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Hemagglutinin stalk antibodies elicited by the 2009 pandemic influenza virus as a mechanism for the extinction of seasonal H1N1 viruses

Department of Microbiology, Emerging Pathogens Institute, Mount Sinai School of Medicine, New York, NY 10029, USA.
Proceedings of the National Academy of Sciences (Impact Factor: 9.81). 02/2012; 109(7):2573-8. DOI: 10.1073/pnas.1200039109
Source: PubMed

ABSTRACT After the emergence of pandemic influenza viruses in 1957, 1968, and 2009, existing seasonal viruses were observed to be replaced in the human population by the novel pandemic strains. We have previously hypothesized that the replacement of seasonal strains was mediated, in part, by a population-scale boost in antibodies specific for conserved regions of the hemagglutinin stalk and the viral neuraminidase. Numerous recent studies have shown the role of stalk-specific antibodies in neutralization of influenza viruses; the finding that stalk antibodies can effectively neutralize virus alters the existing dogma that influenza virus neutralization is mediated solely by antibodies that react with the globular head of the viral hemagglutinin. The present study explores the possibility that stalk-specific antibodies were boosted by infection with the 2009 H1N1 pandemic virus and that those antibodies could have contributed to the disappearance of existing seasonal H1N1 influenza virus strains. To study stalk-specific antibodies, we have developed chimeric hemagglutinin constructs that enable the measurement of antibodies that bind the hemagglutinin protein and neutralize virus but do not have hemagglutination inhibition activity. Using these chimeric hemagglutinin reagents, we show that infection with the 2009 pandemic H1N1 virus elicited a boost in titer of virus-neutralizing antibodies directed against the hemagglutinin stalk. In addition, we describe assays that can be used to measure influenza virus-neutralizing antibodies that are not detected in the traditional hemagglutination inhibition assay.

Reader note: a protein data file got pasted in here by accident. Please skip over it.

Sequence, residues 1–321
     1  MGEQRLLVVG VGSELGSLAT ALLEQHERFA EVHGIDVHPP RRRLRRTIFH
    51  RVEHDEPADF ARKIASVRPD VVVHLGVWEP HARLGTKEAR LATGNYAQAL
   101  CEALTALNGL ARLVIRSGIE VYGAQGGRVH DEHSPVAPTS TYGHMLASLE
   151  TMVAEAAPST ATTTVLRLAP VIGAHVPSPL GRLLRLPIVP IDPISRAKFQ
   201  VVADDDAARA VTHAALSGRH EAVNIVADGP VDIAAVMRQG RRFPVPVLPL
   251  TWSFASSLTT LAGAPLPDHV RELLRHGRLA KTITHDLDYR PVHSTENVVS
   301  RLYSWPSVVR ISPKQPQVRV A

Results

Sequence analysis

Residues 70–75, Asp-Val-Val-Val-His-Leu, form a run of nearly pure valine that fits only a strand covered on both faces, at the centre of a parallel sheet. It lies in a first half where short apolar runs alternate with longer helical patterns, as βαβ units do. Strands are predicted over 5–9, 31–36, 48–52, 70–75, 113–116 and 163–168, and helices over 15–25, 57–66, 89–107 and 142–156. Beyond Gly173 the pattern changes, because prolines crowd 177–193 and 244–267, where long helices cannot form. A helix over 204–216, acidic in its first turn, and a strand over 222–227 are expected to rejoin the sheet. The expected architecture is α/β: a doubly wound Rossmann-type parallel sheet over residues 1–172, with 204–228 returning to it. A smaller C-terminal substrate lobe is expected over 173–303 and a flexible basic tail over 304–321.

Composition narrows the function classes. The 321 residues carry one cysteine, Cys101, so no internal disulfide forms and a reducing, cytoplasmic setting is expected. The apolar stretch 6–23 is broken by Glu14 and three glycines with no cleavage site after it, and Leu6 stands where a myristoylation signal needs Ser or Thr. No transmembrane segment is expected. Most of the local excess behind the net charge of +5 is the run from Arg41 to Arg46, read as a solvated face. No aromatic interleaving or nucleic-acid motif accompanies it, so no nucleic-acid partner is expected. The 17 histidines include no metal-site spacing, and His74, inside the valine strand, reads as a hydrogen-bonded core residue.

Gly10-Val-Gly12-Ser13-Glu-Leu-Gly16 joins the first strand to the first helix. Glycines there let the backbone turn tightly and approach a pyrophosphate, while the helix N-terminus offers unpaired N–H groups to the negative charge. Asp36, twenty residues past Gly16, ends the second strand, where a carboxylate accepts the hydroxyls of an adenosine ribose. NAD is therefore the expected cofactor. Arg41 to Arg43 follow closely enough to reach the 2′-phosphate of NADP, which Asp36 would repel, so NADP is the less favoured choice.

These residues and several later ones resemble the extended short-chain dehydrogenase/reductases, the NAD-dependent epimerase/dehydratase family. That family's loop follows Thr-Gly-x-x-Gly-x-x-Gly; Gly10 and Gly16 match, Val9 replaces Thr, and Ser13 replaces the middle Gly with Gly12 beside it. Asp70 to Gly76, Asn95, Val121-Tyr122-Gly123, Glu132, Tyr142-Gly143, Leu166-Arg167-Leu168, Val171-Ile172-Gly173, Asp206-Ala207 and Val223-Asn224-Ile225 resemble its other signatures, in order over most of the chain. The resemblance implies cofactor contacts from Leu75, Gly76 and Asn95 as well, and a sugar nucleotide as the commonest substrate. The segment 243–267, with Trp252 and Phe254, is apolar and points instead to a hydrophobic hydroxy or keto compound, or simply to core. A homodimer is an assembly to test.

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    • "The HA mutations could change the epitope to escape the host immune response (Caton et al., 1982; Wiley et al., 1981). Thus, how to elicit the immune response against highly conserved region on HA with broad neutralizing activity is important for vaccine development (Ekiert et al., 2012; Lee et al., 2012; Pica et al., 2012). HA is activated by the proteolytic cleavage of the intact HA (HA0) into HA1 and HA2. "
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    • "542 2014 K. Uranowska and others that they act by preventing the fusion step of viral entry. It was also confirmed that anti-stalk antibodies elicited by infection with the 2009 pH1N1 have contributed to the disappearance of normally circulating H1N1 influenza virus strains in the following season (Pica et al., 2012; Sangster et al., 2013). Antigenically conserved HA stalk domain is thus a promising candidate for preparation of a broadly protective universal influenza vaccine; a potential immunogen that would focus the immune response on the conserved epitopes and would elicit anti-stalk neutralizing antibodies , and may probably give higher protection against different strains of the virus. "
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